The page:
Home > USA, WORLD NEWS > Former Call Center Fraud Comes Forward To Warn Americans Of New IRS Scam Ruining Lives

Former Call Center Fraud Comes Forward To Warn Americans Of New IRS Scam Ruining Lives

The Internal Revenue Service (IRS) is probably one of the most feared organizations in the United States. Even the thought of being audited because of a possible error on a tax return is enough to keep anyone up at night. This is a big reason as to why scams related to the IRS often yield huge returns. When Americans’ get a phone message from the IRS saying they owe back taxes, it is something you take seriously.

Playing up on the fear most people have of the IRS, scams relating to claims of back taxes being owed rake in millions. It seems in many cases; people do not take the time to investigate the claims. The idea being if one owes back taxes you pay them immediately to avoid further issues including the dreaded audit. This is exact attitude scammers are banking on.

Playing on the American fear of the IRS has turned into big business. Business is so lucrative that there are call centers outside of the United States that hire full-time employees to perpetuate the lie. In a recent expose about the booming business in India, a call center handling upwards of 50,000 voicemails a day from the IRS came to light.

A young worker by the name of Jayesh Dubey explained the inner workings of the call center in Mumbai, India. According to Dubey:
“The owner used to churn 50,000 voicemails every day. We used to get around 10,000 to 15,000 callbacks. When we picked up the call, we’d pretend to be the IRS officers. We started like, ‘Hi, this is Officer Adam Smith. Thank you for calling the Internal Revenue Service. How May I Help you?”
With people already on edge about even hearing from the IRS, the fact that the center seemed legitimate only added to their anxiety. Workers like Dubey were able to trick callers into thinking they owed the IRS large sums of money. An added incentive to pay the amount off as soon as possible might include some discounted rate or even a veiled threat of further action. As Dubey gained experience talking to people about the need to make payments, he enjoyed lots of success on the job. He shared that this job paid very well compared to other local jobs. Many younger workers took the job with the hope of making quick money.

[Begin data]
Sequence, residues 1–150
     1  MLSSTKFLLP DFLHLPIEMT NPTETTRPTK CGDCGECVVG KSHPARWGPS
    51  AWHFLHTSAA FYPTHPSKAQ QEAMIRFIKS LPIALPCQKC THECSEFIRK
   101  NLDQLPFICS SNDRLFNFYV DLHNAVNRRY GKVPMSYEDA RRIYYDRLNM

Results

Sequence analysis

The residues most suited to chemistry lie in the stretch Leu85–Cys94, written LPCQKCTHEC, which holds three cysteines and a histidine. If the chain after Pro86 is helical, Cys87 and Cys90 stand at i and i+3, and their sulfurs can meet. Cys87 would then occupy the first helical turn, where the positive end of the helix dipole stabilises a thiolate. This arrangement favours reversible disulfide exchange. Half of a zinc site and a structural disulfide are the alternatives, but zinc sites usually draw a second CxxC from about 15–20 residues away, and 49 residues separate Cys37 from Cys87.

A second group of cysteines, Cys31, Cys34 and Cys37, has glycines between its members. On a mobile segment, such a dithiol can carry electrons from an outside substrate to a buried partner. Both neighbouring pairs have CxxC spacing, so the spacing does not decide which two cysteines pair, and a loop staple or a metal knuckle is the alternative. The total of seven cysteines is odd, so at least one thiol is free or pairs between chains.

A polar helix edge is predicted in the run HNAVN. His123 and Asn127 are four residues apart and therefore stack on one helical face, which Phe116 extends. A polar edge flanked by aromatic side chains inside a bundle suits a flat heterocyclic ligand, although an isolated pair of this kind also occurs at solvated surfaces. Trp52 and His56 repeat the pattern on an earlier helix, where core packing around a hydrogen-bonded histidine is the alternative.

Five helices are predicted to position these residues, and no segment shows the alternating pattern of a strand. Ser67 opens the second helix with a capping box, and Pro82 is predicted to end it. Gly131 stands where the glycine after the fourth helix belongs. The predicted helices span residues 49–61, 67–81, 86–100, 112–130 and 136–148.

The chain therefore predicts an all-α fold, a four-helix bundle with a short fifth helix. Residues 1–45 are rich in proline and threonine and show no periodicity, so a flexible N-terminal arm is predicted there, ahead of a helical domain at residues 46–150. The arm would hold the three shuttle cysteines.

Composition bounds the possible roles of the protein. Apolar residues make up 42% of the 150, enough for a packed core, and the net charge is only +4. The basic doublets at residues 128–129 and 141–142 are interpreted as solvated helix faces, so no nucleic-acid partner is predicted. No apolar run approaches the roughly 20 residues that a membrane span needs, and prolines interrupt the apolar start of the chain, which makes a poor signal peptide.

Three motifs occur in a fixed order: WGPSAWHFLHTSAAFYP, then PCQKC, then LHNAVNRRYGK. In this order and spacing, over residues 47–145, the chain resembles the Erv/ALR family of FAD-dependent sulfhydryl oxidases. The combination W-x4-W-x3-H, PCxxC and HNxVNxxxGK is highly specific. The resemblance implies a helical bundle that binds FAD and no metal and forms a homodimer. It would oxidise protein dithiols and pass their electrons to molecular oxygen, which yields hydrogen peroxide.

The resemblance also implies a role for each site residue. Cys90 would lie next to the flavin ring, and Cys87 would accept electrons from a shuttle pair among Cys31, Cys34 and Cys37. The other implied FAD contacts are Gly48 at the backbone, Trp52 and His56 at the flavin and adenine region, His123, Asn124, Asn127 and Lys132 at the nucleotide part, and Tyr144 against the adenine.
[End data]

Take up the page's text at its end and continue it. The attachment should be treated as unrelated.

As Dubey was able to take more and more calls, he began to feel sick about the panic many people felt trying to solve their IRS debt. According to Dubey:
“People used to want to cry on the call and then I started feeling bad. They used to take it from their neighbors, friends and everyone. It was really not good.
The young man decided to leave the call center a short time before it was raided by local authorities. Investigators were able to tie the call center to a larger operation that scammed millions of dollars from those thinking they owed the IRS money.
Even though many countries have some form of income tax, the scam often only targets those living in the United States. After listening to so many upset people struggle to figure out how to pay off this debt, Dubey cautioned others who may become a victim:
“I would just say to the Americans that in the whole world, only people in America get most of the scam calls. Please don’t pay any money for the calls. That’s what I want to tell them.”
Due to a large number of people falling this type of scam, the IRS has taken steps to inform the public about the realities of debt collection with the IRS. One huge red flag most people do not know about the types of messages that these call centers left about IRS debt is the fact the IRS does not make the initial contact via a phone message. If there is, in fact, a valid reason for the IRS to make contact, they will always send a letter in the mail first. For the most part, these letters will arrive via certified letter.
In the letter from the IRS, you may be directed to call their direct phone number. A quick online search turns this number up as well, so it quickly becomes apparent that the letter and the required follow-up are in fact legit.
While even a real contact from the IRS can be scary, they also remind consumers that they are never going to just demand a payment over the phone. There is always a certain level of due process to be followed as well as a variety of payment options. The fact that the call center in India pushed so hard to immediate payments should be enough to trigger most people to investigate further.
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